Soil Tillage in Organic Farming Systems
Conservation Tillage Planters
With the absence of tillage, seed placement, compaction prevention, and weed control become more critical. To accomplish successful planting, conservation tillage planters likely will be equipped with similar but more options than conventional tillage planters (See Figure 6.17). The list may include some or all of the following: 1) residue removers to move residue out of the row area; 2) coulters to cut through crop residue and loosen a small volume of soil around the seeds; 3) metering unit to obtain accurate spacing between individual seeds; 4) seed tube to drop the seeds into the seed furrow; 5) double-disk openers to open a slot to the appropriate depth; 6) seed firmer to press the seeds to the bottom of the seed furrow; and 8) firming and closing wheels to firm soil above the seeds and cover the seeds.
All row cleaners are designed to sweep residue away from the opening disks of the planter units (See Figure 6.18). Moving the residue means that the seed furrow opener no longer needs to cut through it. This should increase the life of the opener disks by reducing wear. Removing residue helps to avoid hair-pinning (bending and pushing straw stalks into soil by double disk openers), which can wick moisture away from the seed in the furrow and prevent good seed to soil contact. By moving residue and exposing bare soil, row cleaners can help increase soil temperatures in the seed zone. This in turn can lead to accelerated germination time. The row cleaners are meant to move residue, not soil.
Most no-till fields have a certain amount of residue that normally must be cut or moved slightly to allow the seed furrow opener and press wheel to function properly. Some coulters (See Figure 6.19) have depth wheels and some are spring-loaded. The coulter should be operated at slightly less than the seed placement depth. This prevents loosening soil beneath where the seed will be placed, and avoids forming air pockets which may dry out the soil. Coulter operating depth in relation to seeding depth is more consistent when the coulter is mounted to the planting unit. Coulters should be mounted close to the seed furrow openers to avoid tracking errors on slopes and curves. The amount, condition, and distribution of previous crop residue as well as soil conditions affect proper operation of the coulter. Fresh, damp, wheat straw is tough and difficult to cut.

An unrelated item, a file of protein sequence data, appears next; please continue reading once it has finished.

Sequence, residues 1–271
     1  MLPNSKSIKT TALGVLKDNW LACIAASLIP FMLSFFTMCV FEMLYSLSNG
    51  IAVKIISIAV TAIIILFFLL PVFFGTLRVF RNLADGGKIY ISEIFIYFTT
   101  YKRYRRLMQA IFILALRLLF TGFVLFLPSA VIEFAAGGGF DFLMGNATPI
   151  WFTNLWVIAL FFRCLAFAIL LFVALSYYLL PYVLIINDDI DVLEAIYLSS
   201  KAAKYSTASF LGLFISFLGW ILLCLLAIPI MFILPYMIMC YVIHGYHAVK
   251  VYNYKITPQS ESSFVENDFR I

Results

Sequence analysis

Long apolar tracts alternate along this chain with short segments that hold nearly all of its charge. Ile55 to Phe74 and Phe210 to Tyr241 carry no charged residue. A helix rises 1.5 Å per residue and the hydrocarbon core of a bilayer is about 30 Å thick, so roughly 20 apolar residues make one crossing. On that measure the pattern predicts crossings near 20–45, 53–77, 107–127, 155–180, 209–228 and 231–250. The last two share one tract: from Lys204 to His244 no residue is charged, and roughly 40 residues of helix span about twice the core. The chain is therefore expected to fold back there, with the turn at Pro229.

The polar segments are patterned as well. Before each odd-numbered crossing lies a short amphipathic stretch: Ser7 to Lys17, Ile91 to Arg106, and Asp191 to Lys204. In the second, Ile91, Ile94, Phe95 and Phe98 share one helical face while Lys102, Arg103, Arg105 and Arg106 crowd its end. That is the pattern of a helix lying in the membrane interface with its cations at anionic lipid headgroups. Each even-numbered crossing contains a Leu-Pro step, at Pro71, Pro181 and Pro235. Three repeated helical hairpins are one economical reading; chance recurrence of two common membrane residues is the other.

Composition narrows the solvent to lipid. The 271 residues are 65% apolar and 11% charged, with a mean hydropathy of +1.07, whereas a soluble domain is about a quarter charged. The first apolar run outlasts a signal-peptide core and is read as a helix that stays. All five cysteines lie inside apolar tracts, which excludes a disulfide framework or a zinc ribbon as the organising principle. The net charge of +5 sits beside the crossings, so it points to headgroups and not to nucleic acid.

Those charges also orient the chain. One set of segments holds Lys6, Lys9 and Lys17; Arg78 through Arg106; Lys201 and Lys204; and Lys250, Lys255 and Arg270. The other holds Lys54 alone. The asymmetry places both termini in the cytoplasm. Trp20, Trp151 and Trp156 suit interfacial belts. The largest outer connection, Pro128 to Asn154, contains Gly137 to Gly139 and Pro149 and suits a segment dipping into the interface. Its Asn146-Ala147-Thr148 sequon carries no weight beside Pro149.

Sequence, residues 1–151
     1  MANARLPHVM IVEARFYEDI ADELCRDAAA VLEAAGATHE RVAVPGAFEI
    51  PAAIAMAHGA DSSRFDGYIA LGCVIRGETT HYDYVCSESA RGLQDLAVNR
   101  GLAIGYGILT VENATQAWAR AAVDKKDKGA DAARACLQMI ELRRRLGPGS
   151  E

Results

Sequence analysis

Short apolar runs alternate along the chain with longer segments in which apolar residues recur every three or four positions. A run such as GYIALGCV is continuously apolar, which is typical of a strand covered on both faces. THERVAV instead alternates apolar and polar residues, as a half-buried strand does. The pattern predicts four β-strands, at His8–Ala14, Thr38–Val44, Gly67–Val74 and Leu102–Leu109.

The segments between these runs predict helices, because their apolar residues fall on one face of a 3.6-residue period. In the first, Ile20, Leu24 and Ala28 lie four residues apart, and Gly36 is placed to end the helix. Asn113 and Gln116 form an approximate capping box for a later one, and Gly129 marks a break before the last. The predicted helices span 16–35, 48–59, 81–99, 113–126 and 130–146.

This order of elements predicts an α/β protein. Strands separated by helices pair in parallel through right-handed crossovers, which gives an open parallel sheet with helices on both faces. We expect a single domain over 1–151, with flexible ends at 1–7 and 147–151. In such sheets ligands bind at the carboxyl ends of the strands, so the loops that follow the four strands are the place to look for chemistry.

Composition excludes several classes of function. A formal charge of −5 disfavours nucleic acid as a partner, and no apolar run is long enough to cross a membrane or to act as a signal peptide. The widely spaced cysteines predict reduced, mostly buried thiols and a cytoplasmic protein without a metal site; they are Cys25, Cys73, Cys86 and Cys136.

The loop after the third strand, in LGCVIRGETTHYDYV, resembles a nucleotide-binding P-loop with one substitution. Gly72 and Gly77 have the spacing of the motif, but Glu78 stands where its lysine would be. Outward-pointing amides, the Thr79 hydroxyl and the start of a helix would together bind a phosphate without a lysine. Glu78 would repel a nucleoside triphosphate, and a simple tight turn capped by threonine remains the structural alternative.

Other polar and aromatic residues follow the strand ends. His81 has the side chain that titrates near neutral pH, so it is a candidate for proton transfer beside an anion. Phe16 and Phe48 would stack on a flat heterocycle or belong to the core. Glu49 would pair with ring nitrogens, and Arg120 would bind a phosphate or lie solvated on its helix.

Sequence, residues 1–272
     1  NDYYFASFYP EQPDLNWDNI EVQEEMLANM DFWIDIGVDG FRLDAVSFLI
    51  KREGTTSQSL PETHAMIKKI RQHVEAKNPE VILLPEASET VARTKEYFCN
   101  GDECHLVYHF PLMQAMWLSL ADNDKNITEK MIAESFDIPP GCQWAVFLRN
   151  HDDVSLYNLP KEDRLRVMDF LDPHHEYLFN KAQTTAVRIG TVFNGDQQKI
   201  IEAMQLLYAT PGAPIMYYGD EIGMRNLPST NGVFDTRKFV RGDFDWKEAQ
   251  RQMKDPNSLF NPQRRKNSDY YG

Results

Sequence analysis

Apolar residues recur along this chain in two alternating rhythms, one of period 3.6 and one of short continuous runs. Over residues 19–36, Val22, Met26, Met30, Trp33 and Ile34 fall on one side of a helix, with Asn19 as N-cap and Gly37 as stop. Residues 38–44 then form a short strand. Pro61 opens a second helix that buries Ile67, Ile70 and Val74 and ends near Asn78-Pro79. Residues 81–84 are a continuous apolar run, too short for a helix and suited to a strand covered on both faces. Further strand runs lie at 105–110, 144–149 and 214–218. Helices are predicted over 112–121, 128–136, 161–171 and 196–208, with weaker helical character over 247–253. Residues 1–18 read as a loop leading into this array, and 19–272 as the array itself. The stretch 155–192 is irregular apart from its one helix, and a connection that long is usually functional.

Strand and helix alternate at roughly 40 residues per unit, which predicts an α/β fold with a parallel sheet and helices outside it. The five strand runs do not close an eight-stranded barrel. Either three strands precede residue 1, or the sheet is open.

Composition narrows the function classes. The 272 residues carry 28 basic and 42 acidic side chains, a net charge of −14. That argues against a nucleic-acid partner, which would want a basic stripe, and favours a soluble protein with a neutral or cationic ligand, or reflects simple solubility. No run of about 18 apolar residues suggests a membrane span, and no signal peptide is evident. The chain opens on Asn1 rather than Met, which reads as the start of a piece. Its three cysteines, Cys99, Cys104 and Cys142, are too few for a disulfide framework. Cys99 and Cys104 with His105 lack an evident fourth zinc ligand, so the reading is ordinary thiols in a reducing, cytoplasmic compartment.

The purpose of depth-gauge wheels is to control the operating depth of the seed furrow openers and ultimately the planting depth (See Figure 6.20). In conservation tillage systems, this adjustment is critical and must be evaluated when planting in different types and amounts of crop residues.
On planters, press wheels are meant to close the V-shaped seed slot but not compact the soil on top (See Figure 6.20). Press wheels help provide good seed-soil contact by pushing seed into the furrow, closing the furrow and firming soil over the seed.
Chains trailing behind the press wheels are designed to provide a final closing operation, lightly firming the seed furrow and leveling the planting strip. If crusting tends to be an issue, these might be an attractive option.
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